In Michael Rabin: America's Virtuoso Violinist, Anthony Feinstein tells the poignant story of the life and career of one of history's greatest violinists. As a child prodigy, Rabin had the classical music world at his feet. Notable successes included a coveted EMI contract, recording the soundtrack for an Elizabeth Taylor movie, and guest appearances on the Milton Berle Show and the Bell Telephone Hour.
Yet no sooner had Rabin taken his place alongside such illustrious colleagues as Heifetz, Milstein, and Stern than he abruptly and inexplicably disappeared from the concert stage. For three years, the public saw and heard little of him. In the mid-1960s, Rabin resurfaced and painstakingly began rebuilding a once-great career. Then one morning, the music world awoke to news of his sudden, mysterious death at age 35.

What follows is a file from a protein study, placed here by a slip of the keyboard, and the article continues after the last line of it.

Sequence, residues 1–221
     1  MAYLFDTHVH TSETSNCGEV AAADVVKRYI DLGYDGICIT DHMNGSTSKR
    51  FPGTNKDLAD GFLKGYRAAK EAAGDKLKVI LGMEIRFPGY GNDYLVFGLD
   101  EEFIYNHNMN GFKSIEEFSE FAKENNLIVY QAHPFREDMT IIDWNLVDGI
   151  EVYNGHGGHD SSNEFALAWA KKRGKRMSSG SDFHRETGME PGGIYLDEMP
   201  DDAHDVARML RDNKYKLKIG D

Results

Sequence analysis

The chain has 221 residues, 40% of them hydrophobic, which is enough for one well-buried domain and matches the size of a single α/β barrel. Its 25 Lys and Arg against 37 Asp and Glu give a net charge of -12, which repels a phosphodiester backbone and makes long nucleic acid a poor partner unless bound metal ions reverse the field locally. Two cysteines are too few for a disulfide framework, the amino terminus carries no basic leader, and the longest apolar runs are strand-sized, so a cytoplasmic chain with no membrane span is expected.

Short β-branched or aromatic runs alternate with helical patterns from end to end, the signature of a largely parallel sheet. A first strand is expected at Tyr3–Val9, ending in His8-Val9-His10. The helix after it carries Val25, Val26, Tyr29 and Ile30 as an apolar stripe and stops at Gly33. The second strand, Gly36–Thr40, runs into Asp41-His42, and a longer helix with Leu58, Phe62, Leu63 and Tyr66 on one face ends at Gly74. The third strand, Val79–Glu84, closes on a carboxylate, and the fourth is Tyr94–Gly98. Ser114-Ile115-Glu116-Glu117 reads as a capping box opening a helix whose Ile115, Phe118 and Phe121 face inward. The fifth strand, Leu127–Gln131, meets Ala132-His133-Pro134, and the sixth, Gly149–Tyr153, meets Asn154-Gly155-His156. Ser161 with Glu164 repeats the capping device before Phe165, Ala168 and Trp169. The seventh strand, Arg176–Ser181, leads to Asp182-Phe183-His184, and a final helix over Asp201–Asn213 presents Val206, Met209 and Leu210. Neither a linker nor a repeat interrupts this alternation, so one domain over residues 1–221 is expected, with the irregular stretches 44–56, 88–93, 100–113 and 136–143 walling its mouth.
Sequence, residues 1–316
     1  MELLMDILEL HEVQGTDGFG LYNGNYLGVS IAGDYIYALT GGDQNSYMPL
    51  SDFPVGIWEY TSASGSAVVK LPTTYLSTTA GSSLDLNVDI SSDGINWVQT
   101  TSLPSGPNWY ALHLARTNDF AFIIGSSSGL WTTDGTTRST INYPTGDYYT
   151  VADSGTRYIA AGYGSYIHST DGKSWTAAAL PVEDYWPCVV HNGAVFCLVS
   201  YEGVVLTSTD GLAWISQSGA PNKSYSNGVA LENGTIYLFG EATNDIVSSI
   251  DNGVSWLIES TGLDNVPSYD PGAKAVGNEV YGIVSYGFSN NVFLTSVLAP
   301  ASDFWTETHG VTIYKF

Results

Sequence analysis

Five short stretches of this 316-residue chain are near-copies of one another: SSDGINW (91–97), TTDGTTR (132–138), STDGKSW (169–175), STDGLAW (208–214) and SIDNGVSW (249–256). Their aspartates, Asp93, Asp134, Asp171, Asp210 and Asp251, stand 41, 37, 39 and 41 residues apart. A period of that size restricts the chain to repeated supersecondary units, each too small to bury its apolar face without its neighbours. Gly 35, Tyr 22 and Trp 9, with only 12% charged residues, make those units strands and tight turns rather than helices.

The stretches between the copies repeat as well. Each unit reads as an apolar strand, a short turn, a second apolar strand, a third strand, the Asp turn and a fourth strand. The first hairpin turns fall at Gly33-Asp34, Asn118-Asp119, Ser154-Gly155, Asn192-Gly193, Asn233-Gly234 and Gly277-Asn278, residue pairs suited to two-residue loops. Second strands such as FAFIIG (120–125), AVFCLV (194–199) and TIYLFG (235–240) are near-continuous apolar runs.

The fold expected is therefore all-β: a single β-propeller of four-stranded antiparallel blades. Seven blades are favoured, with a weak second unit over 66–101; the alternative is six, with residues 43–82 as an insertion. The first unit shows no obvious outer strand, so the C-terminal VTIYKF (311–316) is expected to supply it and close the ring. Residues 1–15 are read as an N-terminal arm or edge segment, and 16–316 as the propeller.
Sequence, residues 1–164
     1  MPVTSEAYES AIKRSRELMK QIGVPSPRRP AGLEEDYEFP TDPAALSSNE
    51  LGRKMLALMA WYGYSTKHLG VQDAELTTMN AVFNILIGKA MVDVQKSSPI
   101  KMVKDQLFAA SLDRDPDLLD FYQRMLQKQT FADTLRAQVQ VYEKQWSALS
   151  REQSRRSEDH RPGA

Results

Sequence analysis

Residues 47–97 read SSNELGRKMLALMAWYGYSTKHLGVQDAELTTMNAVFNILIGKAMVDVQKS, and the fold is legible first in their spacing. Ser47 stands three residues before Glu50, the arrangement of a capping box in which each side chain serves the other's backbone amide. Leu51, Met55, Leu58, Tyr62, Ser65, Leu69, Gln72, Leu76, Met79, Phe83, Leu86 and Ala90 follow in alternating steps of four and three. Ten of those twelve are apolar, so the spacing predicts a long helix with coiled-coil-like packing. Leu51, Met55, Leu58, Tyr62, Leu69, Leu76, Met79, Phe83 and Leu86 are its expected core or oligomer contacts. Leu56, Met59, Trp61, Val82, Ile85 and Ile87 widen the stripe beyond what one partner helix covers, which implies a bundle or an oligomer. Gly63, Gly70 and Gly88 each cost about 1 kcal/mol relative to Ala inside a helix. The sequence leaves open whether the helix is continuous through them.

For the first edition of this biography, Feinstein had unprecedented access to Rabin's private papers and medical history. Now he draws on additional material obtained from recent interviews with Rabin's colleagues, girlfriends, and management. The result is an added appreciation of Rabin's remarkable family, his cloistered upbringing, and a micromanaged career that ensured not only great success but also periods of deep despair. Michael Rabin: America's Virtuoso Violinist is more than a story of a great violinist. It is also the moving account of a man of rare talent who never stopped battling to find personal happiness on that fragile journey from wunderkind to adulthood.